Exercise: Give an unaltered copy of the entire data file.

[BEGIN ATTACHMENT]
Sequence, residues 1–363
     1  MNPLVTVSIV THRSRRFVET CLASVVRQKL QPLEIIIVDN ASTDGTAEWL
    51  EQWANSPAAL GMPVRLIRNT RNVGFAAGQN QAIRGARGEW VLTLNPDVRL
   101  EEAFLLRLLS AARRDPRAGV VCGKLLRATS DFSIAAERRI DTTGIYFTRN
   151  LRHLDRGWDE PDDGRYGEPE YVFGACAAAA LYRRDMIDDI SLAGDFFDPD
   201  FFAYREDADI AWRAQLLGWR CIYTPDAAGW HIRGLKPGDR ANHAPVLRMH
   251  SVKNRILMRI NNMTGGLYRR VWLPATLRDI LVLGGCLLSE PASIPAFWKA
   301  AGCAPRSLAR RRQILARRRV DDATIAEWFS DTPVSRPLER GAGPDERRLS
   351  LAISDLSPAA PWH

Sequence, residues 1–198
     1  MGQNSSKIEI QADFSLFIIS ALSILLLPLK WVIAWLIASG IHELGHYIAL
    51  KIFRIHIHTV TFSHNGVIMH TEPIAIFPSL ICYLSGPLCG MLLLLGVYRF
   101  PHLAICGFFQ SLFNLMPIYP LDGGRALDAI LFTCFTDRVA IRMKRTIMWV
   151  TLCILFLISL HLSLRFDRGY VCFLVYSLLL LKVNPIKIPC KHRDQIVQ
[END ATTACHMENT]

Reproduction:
Sequence, residues 1–363
     1  MNPLVTVSIV THRSRRFVET CLASVVRQKL QPLEIIIVDN ASTDGTAEWL
    51  EQWANSPAAL GMPVRLIRNT RNVGFAAGQN QAIRGARGEW VLTLNPDVRL
   101  EEAFLLRLLS AARRDPRAGV VCGKLLRATS DFSIAAERRI DTTGIYFTRN
   151  LRHLDRGWDE PDDGRYGEPE YVFGACAAAA LYRRDMIDDI SLAGDFFDPD
   201  FFAYREDADI AWRAQLLGWR CIYTPDAAGW HIRGLKPGDR ANHAPVLRMH
   251  SVKNRILMRI NNMTGGLYRR VWLPATLRDI LVLGGCLLSE PASIPAFWKA
   301  AGCAPRSLAR RRQILARRRV DDATIAEWFS DTPVSRPLER GAGPDERRLS
   351  LAISDLSPAA PWH

Sequence, residues 1–198
     1  MGQNSSKIEI QADFSLFIIS ALSILLLPLK WVIAWLIASG IHELGHYIAL
    51  KIFRIHIHTV TFSHNGVIMH TEPIAIFPSL ICYLSGPLCG MLLLLGVYRF
   101  PHLAICGFFQ SLFNLMPIYP LDGGRALDAI LFTCFTDRVA IRMKRTIMWV
   151  TLCILFLISL HLSLRFDRGY VCFLVYSLLL LKVNPIKIPC KHRDQIVQ